One of the stranger ideas after the bankruptcy of Lehman Brothers was that ETFs with a Lehman Brothers bond index in their name would stop trading. More to the point, that investors would lose their money like the holders of the Lehman exchange-traded notes (ETNs).
Let’s just say right now, for everyone worried about what would happen to the ETFs based on Lehman indices, have no fear. It’s not true. The concept is silly once you understand the ETF structure. Most ETFs track an index. The classic ETF name is the sponsor of the ETF followed by the name of the index that the fund tracks. For instance, the SPDR Lehman 1-3 Month T-Bill ETF (BIL) is run by State Street Global Advisors’ (SSGA) SPDR division and tracks the Lehman Brothers 1-3 Month U.S. Treasury Bill Index. The Lehman ETNs, however, were a debt product out of Lehman Brothers. Those funds have disappeared.
While indices need to be updated and maintained, for the most part, once they are created they live lives separate from their creators. Sorta like children after college. Still, quite a few investors unclear about this were confused that the ETFs with Lehman indices in their name not only didn’t go to $0 but some actually continued to perform well.
Of course, it can’t be good for business for even a stable fund to include the name of a bankrupt investment bank, especially one with undertones of scandal during the largest financial crisis since the Great Depression. Well, that problem has been solved. Barclays Capital, which purchased Lehman’s index department after the investment bank went under, on Monday united the Lehman platform and its own index department. It rebranded them with the name Barclays Capital Indices. Barclays Capital said it’s committed to continuing the calculation, maintenance, infrastructure and publication of the existing indices in both families. Barclays Capital is the investment banking division of Barclays Bank and runs the iPath family of ETNs. It’s also the sister company of Barclays Global Investors, which runs the iShares family of ETFs.
However, this presents a new problem.
What’s worse? Having the moniker of a bankrupt scandal-scarred investment bank in the name of your fund, or having your competitor’s name? Brutal! The three ETF companies tracking Lehman bond indices are iShares, SPDR and Van Eck Global’s Market Vectors. For iShares it’s no problem. It fact, it’s a win-win. In case you didn’t know Barclays owned iShares, let’s remind you with the index name. However, they can’t be happy at SSGA or Van Eck.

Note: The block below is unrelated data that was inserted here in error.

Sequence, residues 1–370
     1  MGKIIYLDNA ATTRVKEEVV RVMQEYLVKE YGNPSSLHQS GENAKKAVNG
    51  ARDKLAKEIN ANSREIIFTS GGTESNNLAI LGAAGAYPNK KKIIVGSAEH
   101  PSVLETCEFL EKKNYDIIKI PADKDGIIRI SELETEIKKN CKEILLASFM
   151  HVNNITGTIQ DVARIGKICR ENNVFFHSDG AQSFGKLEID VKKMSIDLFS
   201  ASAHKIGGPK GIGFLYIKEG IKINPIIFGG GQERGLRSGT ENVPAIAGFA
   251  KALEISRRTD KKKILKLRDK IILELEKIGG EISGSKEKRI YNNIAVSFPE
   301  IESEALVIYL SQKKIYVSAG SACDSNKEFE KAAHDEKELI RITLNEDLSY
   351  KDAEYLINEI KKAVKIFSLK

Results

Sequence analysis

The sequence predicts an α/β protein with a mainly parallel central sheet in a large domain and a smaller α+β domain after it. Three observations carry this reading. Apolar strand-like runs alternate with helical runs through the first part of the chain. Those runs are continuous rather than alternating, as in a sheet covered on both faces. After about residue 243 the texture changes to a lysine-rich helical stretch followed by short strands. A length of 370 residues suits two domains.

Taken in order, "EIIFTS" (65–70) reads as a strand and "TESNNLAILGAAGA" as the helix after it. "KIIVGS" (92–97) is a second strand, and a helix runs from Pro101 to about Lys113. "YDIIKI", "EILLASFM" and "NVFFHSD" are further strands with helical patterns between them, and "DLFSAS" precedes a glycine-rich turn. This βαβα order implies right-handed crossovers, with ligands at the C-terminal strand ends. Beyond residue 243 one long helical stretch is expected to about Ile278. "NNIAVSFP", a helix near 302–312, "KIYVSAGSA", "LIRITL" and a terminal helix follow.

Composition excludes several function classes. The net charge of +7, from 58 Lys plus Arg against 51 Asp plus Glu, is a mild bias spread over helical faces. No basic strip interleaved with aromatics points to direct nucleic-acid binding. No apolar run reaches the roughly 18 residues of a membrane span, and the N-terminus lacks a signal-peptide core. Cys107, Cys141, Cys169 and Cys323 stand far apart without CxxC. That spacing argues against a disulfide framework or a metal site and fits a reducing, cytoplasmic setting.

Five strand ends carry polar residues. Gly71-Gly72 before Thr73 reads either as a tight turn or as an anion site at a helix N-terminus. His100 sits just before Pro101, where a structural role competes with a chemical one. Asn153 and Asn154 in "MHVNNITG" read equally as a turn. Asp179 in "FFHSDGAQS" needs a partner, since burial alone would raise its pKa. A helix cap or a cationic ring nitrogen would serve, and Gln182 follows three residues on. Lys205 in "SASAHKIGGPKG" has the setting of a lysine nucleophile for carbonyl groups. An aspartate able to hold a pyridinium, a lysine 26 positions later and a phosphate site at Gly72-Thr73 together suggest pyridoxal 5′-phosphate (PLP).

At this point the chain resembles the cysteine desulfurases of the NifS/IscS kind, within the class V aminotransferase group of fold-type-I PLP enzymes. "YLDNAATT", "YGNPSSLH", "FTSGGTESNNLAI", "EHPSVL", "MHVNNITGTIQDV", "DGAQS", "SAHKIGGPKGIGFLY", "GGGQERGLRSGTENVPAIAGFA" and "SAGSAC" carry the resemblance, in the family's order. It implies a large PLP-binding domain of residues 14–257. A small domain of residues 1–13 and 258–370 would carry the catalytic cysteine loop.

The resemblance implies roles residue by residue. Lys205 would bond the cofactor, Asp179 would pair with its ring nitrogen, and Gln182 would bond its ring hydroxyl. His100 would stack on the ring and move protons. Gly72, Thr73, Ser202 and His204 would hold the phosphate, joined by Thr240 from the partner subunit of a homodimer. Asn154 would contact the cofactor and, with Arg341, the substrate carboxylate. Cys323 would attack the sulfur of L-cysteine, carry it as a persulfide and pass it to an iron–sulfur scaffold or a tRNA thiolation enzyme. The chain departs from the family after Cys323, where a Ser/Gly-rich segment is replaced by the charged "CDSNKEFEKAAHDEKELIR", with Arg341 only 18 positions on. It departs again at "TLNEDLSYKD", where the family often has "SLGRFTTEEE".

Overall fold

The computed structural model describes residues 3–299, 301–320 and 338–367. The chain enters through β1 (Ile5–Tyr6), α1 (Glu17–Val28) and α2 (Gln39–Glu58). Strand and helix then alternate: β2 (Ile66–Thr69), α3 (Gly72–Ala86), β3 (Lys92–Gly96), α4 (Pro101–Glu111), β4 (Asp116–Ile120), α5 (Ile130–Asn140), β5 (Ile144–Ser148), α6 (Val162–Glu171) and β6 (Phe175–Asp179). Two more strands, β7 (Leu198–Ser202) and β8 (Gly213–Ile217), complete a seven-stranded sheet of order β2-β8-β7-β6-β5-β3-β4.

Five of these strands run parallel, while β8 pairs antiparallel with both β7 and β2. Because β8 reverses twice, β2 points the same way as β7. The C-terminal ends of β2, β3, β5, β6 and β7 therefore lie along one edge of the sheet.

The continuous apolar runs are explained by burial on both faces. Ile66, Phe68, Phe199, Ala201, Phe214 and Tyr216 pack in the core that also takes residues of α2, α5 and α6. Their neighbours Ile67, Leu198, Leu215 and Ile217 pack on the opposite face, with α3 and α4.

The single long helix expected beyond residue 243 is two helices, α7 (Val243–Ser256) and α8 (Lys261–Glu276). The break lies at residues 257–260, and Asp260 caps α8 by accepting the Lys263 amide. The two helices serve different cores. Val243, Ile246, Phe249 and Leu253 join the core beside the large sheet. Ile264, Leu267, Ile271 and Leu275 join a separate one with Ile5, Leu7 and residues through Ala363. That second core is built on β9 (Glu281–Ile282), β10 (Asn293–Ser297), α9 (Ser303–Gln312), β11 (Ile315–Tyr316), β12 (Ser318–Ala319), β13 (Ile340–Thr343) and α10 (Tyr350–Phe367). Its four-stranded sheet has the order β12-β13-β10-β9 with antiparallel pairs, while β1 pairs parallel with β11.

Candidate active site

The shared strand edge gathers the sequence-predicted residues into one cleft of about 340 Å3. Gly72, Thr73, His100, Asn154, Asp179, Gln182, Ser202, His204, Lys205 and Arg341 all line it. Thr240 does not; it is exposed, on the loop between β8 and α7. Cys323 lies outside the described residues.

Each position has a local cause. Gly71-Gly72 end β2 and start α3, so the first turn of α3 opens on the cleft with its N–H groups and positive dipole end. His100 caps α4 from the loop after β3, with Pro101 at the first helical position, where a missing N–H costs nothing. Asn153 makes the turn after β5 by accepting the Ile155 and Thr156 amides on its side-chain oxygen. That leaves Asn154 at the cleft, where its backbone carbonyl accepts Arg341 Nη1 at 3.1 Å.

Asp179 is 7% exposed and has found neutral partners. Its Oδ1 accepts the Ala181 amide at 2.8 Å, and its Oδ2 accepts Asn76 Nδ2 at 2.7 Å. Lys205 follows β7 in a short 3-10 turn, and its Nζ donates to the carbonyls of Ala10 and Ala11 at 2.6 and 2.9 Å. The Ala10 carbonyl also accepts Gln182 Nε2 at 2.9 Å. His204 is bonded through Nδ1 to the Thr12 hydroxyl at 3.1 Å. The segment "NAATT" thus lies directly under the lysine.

Whether Van Eck was uncomfortable with the Lehman connection or anticipated Barclays move, late last month it changed the names of its fixed-income ETFs.
The Market Vectors-Lehman Brothers AMTFRee Long Municipal Index ETF changed its name to Market Vectors-Long Municipal Index ETF (MLN).
The Market Vectors-Lehman Brothers AMTFRee Intermediate Municipal Index ETF changed its name to Market Vectors-Intermediate Municipal Index ETF (ITM).
And the Market Vectors-Lehman Brothers AMTFRee Short Municipal Index ETF changed its name to Market Vectors-Short Municipal Index ETF (SMB).
That’s pretty straightforward and solves the problem easily. The ETFs will continue to track the same Lehman indexes, which will be rebranded.
But what about SSGA? It has 10 fixed income ETFs with Lehman in the name of the fund. Will the ETFs now have Barclays in their name? This issue was brought up at the Journal of Indexes editorial board meeting last week, which was attended by both Lee Kranefuss, the head of iShares, and Jim Ross, the of SSGA. Ross hinted that these were good indexes and SPDR wouldn’t necessarily change the name, but I think he was just deflecting an uneasy question. I would expect some changes.